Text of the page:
“Even after Ali resolved, Defendants continued with their threats. In connection with a reimbursement payment, Hanson emailed: “I am also going to start returning some emails and voice mails from others clients interested in talking to Dan and I. Same with some former NLSS employees. I was hoping this would be over. If we get screwed on this, then Dan and I might just get interested in continuing to litigate against your client.” The email was signed “Scum Hanson.”
That sounds kind of bad, but in Hanson’s response, he fills in a gap, “Macy Hanson admits to writing the quoted truthful text of the email message in this passage. The reference to “Scum Hanson” is a reference to Plaintiffs’ calling Macy Hanson “scum” in prior communications.”
In the Winkler v. GM Law Firm case, there is an interesting twist. On March 2, 2021, a court document states, “On the morning of December 29, 2020, Defendant, Julie Queler, in her individual capacity, agreed to the previously negotiated terms for a global settlement of three active federal lawsuits filed against her, her businesses, and her business partners (the co-Defendants in this, and the other two related, federal court actions). These three federal civil lawsuits, all making the same factual allegations about Ms. Queler’s, and her business’ and partners’, (fraudulent and illegal) student loan “debt elimination” program consistent of: (1) Winkler v. GM Law Firm, LLC, et al. (District of Arizona; Civil Action No. 3:20-cv08248-DWL); (2) Grijalva v. Kevin Mason, et al. (Central District of California; Civil Action No. 8:18-cv-02010-MCS (DFMx)); and (3) Hodges v. GM Law Firm, LLC, et al. (Northern District of Georgia, Civil Action No. 1:20-cv-03799-JPB).” – Source
The same document goes on to say, Queler agreed to pay the following amounts to settle her part of the cases:
“$55,000 to settle Vivian Grijalva.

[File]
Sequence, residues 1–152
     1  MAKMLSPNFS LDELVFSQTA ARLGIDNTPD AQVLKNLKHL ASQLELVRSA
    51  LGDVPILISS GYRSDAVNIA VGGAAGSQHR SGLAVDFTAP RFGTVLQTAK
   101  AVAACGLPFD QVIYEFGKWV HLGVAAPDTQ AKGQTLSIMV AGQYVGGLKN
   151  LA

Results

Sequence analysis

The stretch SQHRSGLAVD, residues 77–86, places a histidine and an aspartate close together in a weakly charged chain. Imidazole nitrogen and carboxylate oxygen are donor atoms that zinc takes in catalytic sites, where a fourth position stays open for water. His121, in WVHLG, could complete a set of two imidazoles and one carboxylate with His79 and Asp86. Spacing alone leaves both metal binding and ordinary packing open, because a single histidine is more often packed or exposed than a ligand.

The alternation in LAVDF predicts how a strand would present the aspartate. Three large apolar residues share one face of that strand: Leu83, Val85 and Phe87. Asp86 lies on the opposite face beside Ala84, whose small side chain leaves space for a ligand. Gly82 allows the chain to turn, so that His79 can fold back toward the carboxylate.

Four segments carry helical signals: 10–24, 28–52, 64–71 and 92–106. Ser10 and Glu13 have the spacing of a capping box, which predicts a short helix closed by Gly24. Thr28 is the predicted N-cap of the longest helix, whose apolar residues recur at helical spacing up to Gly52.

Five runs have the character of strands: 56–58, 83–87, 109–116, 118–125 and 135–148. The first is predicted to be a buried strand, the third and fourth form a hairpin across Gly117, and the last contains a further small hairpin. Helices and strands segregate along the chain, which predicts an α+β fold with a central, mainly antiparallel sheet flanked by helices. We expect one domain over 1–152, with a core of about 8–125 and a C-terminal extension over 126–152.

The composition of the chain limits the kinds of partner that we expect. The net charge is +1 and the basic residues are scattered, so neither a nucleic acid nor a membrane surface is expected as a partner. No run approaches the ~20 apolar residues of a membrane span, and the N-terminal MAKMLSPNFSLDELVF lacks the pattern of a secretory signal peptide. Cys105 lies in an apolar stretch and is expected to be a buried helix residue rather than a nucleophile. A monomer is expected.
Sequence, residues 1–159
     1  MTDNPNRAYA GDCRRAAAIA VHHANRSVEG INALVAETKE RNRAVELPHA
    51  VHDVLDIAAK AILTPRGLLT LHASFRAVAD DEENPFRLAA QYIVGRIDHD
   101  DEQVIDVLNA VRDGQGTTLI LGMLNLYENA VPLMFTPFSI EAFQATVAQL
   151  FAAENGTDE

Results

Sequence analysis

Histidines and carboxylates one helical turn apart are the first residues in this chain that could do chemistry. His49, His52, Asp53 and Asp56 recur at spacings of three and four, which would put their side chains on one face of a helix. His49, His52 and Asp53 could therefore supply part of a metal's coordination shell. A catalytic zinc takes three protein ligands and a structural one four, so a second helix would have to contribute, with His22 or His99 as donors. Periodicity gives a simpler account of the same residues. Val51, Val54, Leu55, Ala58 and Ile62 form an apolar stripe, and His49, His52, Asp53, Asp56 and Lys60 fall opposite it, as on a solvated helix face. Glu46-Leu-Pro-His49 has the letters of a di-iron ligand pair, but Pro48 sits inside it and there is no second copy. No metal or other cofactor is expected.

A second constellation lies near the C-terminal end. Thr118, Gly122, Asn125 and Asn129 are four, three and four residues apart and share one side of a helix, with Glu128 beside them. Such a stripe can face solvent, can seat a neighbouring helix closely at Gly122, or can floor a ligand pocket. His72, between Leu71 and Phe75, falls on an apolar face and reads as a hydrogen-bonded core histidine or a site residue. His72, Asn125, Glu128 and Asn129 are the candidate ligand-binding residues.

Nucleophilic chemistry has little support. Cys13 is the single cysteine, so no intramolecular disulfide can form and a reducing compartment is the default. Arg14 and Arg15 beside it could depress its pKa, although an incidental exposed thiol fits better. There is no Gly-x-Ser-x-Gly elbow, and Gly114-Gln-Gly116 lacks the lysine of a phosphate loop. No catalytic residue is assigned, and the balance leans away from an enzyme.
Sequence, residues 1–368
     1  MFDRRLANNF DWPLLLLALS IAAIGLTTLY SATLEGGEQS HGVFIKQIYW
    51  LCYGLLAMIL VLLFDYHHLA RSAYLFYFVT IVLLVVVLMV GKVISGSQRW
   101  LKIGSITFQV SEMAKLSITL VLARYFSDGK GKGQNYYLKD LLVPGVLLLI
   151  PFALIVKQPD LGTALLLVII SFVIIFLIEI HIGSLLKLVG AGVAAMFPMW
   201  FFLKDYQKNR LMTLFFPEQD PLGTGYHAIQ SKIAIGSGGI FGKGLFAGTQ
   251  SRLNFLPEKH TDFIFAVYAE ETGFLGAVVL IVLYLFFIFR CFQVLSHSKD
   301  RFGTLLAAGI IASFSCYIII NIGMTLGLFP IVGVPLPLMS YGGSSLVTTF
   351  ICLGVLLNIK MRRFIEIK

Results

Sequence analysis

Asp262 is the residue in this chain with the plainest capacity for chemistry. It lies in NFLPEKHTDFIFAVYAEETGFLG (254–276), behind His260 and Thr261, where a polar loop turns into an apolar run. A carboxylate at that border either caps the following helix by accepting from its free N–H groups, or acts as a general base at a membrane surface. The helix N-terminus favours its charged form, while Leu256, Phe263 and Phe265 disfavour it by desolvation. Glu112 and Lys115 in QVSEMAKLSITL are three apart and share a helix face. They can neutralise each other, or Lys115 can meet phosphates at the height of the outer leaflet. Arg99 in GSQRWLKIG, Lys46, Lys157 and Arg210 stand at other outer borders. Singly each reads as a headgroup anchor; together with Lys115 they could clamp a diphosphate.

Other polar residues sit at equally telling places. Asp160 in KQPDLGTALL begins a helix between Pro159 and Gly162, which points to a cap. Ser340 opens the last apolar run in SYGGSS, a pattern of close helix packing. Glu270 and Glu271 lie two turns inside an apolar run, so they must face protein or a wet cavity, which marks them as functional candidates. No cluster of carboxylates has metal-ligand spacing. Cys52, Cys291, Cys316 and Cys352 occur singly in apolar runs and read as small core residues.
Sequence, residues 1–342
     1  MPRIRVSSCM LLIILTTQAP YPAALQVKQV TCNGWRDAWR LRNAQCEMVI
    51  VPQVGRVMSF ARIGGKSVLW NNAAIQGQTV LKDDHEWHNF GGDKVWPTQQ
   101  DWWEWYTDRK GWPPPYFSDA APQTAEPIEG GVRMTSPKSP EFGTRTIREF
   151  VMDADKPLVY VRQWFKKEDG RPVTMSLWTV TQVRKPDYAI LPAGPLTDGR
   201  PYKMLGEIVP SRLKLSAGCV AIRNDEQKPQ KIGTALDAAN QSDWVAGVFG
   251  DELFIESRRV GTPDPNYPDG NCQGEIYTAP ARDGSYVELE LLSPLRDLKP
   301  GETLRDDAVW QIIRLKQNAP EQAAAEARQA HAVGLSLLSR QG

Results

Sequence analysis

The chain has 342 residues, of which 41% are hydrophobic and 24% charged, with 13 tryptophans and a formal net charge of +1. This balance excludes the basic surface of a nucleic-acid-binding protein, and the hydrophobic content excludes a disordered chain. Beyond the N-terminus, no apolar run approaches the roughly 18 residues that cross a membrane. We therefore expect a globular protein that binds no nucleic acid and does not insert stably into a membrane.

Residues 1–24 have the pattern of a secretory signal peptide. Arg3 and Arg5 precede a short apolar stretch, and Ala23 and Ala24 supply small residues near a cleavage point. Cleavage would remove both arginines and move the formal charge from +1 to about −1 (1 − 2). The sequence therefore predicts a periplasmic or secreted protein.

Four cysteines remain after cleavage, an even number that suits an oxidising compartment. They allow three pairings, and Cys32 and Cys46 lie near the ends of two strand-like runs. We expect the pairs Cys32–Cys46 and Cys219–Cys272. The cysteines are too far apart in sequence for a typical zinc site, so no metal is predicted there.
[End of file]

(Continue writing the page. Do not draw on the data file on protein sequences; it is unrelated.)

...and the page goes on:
$50,000 to settle Brian Winkler.
$25,000 to settle Zachary Hodges.”
But it goes on to say, “Julie Queler, however, did not fund any of these three settlement agreements by the 30 day deadline that she proposed. The reasons for this are still not clear to the Plaintiffs or their counsel.”
The court in the Winkler case wound up issuing a judgment against Queler.
Queler was described in the Winkler complaint this way, ” Julie Queler, is a Florida citizen. Julie Queler, upon information and belief, is a primary investor, and business partner, to Gregory Fishman in this RICO Enterprise. Julie Queler is involved in the day-to-day management of this Enterprise.” – Source
Just My Opinion
When debt relief companies and lawyers devolve into this kind of back and forth, there can’t be any winners. Who is going to give up first? Certainly not the parties so apparently emotionally involved in this matter.
I would not be surprised if Macy Hanson has not made it a legal crusade or quest to go after more alleged advanced fee student loan assistance companies. And I would not be surprised to see more state and federal court time occupied with more back and forth suits.
What is curious is if the Biden Administration does forgive up to $50,000 of student loan debt, which is about 80 percent of all outstanding federal student debtor accounts, how is that going to gut the student loan assistance companies, and will all of this legal effort back and forth be ended?
What do you think? Comment below.